Wednesday, 23 June 2010 15:10

Meat Is For @#!$?#

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As I write this post, there's a cool party happening in L.A. to celebrate the launch of the new book Meat Is For Pussies by Cro-mags vocalist John Joseph. Unfortunately I'm missing it because I'm out of town, but I've heard rave reviews.

Last night while dining at Candle Cafe in NYC, I saw a copy of the book with the word "pussy" covered up by a bunch of grawlixes. I thought that was pretty funny because I'm not offended by the title. Though I rarely use profanities, I'm usually not bothered when other people say them - it's just part of the language sometimes. In the case of this book, I'm glad the word "pussy" is used because it is attention grabbing. Much like "Skinny Bitch", people will pick up this book and want to read the description or first page. Or, if offended, they'll talk about their feelings to other people, which gives it more publicity; it really can't go wrong in my opinion.

John Joseph, Rory Freedman, and Kim Barnouin use these in-your-face titles because they're fed-up with people being weak and full of excuses. I often feel the same when hearing why people don't take steps to becoming healthier or greener, and I have to fight off the urge to shake them and scream, "stop being a pussy!!!" Opening our eyes and making a change takes a lot of courage, which is why these books are so important. And they also make it clear that vegans are not stereotypical hippies and wimps.

The word "pussy" is often used between men in the phrases, "stop being a pussy" or "don't be a pussy" to encourage them not to be weak, and is usually quite successful because they don't want to be thought of that way. The word is in reference to feeble women, which is why some find it offensive. Because it is associated with being frail and feminine, the word is also commonly paired with the plant-based diet ("veganism is for pussies, meat is for men"). I think both these connotations are ridiculous - I'm a woman and a vegan and I'm definitely not weak. Meat has been marketed to men as necessary for building big muscles, but luckily people like Robert Cheeke and Mac Danzig have dispelled this myth; I'm sure this is touched upon in the book.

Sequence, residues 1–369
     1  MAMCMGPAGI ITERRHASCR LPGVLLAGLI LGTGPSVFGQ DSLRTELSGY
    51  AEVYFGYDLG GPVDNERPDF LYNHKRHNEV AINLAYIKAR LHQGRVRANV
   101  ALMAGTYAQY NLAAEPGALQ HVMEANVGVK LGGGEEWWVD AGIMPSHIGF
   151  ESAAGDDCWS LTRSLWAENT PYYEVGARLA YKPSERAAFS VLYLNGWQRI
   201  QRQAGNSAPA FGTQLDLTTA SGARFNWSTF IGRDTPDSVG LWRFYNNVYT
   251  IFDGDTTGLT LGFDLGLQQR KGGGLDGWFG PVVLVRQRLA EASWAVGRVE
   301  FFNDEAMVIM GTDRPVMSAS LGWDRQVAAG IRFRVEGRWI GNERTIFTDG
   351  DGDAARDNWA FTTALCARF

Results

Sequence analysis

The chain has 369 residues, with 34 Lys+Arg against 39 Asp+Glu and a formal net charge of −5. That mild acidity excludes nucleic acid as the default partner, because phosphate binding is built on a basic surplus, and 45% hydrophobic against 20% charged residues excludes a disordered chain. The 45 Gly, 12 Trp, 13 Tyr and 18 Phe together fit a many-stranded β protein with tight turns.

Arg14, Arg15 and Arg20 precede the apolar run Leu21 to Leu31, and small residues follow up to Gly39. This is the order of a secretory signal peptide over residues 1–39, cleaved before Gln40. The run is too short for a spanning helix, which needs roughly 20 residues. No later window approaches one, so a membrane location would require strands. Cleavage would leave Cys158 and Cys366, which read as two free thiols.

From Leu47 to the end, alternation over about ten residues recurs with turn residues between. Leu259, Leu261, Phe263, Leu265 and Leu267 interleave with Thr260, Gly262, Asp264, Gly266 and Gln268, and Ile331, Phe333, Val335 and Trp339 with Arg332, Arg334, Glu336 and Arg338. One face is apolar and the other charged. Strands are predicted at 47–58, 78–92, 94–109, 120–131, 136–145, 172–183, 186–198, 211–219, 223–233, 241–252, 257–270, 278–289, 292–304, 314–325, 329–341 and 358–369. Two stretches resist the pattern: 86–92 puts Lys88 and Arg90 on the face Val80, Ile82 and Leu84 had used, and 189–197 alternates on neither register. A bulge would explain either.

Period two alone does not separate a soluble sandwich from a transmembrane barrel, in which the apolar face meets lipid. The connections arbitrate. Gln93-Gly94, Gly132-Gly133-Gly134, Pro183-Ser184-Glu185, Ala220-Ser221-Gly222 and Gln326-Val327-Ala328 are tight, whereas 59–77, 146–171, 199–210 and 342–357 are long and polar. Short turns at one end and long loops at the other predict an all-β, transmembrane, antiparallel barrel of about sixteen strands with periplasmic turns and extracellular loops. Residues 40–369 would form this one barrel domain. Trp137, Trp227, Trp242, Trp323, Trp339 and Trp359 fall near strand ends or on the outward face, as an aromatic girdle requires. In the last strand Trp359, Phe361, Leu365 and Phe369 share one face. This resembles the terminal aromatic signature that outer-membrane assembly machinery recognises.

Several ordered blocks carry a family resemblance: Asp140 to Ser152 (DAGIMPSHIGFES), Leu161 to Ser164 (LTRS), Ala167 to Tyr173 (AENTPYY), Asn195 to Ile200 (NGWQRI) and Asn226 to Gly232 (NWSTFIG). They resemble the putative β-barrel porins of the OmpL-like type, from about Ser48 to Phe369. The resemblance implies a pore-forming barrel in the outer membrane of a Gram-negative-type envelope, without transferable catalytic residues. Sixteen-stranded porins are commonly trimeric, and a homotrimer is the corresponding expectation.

Yet, is it fair to imply people that eat meat are pussies? No matter how strongly I feel about the plant-based diet, I try not to judge people that choose another way of life. While I don't encourage meat eating, I don't feel comfortable telling those that eat it that they are doing the wrong thing - who am I to say what is right or wrong? Sure, I feel that killing and torturing animals for the pleasure of food is horrible. Sure, I believe that a whole foods plant-based diet is best for our health. Sure, I think that most people stick to their poor eating habits out of comfort, laziness, and ignorance. However, I don't point fingers and say that my way of life is the absolute right way. I hear the phrase, "I love meat" all the time and it's always an awkward moment for me - should I tell them how I feel, point them to this website, or wait for them to ask? I could hand them a copy of "Meat is For Pussies", but that may feel like judgement. It's a touchy subject, and I'm still learning how to deal with it. Am I a pussy for being so gentle and careful in these situations? Should I be strong in my opinions and stand up for the animals, despite any backlash?

I look forward to reading and learning more about this book, and will share with you my thoughts when I do.

What's your opinion on the title? Have you read the book yet?

What did it take for you to take control of your life and stop being a "pussy" (in any way)?

How do you handle conversations with people who do things you disagree with?

Read 18905 times Last modified on Monday, 14 May 2012 08:28